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Swiss Med Wkly. 2019 Apr 17;149:w20073. doi: 10.4414/smw.2019.20073. eCollection 2019 Apr 8.

Characteristics of children and adolescents at the Switzerland-wide first ambulatory interdisciplinary pain clinic at the University Children's Hospital Basel - a retrospective study.

Author information

1
Pain Therapy Unit, Department for Anaesthesia, Surgical Intensive Care, Prehospital Emergency Medicine and Pain Therapy, University Hospital Basel, Switzerland.
2
Master's Student, Faculty of Medicine, University of Basel, Switzerland.
3
Paediatric Rheumatology, Unversity Children's Hospital Basel, Switzerland.

Abstract

AIMS OF THE STUDY:

Given the long history of underestimating chronic pain in children and adolescents, we lack valid data on its assessment and treatment. The psychological and economic burden for patients, their families and society is substantial. The aim of this study was to assess patient characteristics of the first ambulatory interdisciplinary clinic for children and adolescents with chronic pain in Switzerland and compare them with data from other international centres.

METHODS:

All patients of the ambulatory interdisciplinary pain clinic at the University Children’s Hospital in Basel during the period from 4 January 2012 to 4 July 2016 were included in this retrospective study. Data were collected from the patients’ medical records and from a questionnaire, which the patients and their parents received and completed in advance of their first visit. Demographic information, pain, referral, social environment, therapies and school absences of the patients were statistically analysed with means, percentages, 95% confidence intervals (CIs) and standard deviations (SDs).

RESULTS:

Of the 135 patients included in this study, 80% were female and the mean age of all patients was 13.95 years (95% CI 13.5–14.4). The commonest pain presentations were: musculoskeletal (38%, 95% CI 0.30–0.46), back (25%, 95% CI 0.18–0.33), multiple regions (21%, 95% CI 0.15–0.28) and headache (7%, 95% CI 0.03–0.12). Mean duration of pain until the patients came to the clinic was 24.5 months (95% CI 19.82–29.22). Physiotherapy (71%, 95% CI 0.63–0.79) and non-opioids (50%, 95% CI 0.42–0.59) were the most used therapies before the first meeting. Psychotherapy (52%, 95% CI 0.44–0.61), most often using a psychosomatic therapeutic approach (psychosomatic therapy) 34% (95% CI 0.26–0.42), physiotherapy (36%, 95% CI 0.27–0.44) and non-opioids (33%, 95% CI 0.25–0.42) afterwards. The mean number of school absences during the last month before the first visit was 5.1 days per month (95% CI 3.48–6.73). The parents of our study participants suffered more often from psychiatric diseases than the mean Swiss population.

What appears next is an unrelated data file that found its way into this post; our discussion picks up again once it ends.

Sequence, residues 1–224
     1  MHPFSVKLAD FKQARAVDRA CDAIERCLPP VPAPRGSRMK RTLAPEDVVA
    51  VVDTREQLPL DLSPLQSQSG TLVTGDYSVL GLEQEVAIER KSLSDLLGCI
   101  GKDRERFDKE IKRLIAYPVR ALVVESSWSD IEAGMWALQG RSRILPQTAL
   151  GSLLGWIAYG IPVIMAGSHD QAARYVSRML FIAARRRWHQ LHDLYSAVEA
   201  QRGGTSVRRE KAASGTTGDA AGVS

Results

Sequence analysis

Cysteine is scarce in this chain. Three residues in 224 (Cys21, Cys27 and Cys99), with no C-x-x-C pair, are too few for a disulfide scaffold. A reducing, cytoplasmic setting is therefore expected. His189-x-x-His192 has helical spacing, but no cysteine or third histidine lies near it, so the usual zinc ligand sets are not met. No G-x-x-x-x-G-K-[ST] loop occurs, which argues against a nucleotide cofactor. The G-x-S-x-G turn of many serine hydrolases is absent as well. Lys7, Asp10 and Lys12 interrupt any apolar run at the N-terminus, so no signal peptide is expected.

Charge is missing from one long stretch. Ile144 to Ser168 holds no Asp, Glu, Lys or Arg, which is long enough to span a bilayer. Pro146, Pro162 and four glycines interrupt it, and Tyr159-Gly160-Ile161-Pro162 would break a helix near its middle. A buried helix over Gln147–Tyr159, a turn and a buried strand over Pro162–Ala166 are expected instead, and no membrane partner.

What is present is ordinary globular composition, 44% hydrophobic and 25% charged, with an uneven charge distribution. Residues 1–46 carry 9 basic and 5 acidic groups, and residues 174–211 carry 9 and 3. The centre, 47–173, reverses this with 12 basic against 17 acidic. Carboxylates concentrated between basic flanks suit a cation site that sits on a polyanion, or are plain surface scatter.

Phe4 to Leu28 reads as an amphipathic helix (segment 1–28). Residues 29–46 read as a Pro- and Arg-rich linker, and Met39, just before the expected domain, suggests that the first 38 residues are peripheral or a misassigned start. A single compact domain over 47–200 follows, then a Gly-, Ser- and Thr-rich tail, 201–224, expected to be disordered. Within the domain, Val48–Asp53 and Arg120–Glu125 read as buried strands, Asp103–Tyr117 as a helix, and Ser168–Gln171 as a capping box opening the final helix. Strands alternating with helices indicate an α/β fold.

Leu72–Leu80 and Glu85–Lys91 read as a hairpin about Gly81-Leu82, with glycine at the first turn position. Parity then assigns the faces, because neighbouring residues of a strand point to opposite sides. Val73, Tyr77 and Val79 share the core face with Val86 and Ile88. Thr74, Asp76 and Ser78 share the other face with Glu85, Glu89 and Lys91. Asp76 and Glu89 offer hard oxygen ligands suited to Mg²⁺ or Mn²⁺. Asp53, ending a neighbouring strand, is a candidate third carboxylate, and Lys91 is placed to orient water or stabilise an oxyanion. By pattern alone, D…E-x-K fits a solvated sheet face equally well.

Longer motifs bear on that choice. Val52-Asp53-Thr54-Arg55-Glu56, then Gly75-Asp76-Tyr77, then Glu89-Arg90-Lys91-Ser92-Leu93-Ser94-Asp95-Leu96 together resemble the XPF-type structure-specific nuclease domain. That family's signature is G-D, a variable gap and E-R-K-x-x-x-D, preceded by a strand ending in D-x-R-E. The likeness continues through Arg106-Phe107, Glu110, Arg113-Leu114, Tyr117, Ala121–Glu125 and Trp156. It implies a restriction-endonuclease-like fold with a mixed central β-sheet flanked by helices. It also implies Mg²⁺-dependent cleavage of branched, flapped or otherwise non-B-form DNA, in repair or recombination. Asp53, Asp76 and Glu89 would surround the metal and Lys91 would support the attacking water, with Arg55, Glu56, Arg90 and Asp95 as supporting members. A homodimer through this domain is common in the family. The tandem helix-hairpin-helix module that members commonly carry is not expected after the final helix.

CONCLUSIONS:

The average of more than 2 years of pain before referral to the clinic seems to be a long time. Assuming that specialised support is mandatory for young patients with complex pain syndromes, the referral time should be reduced. Furthermore, patients with headache were underrepresented in Basel compared with other centres. Interestingly, in our study, patients’ parents suffered more often from psychiatric diseases than the mean Swiss population.

PMID:
30994924
DOI:
10.4414/smw.2019.20073
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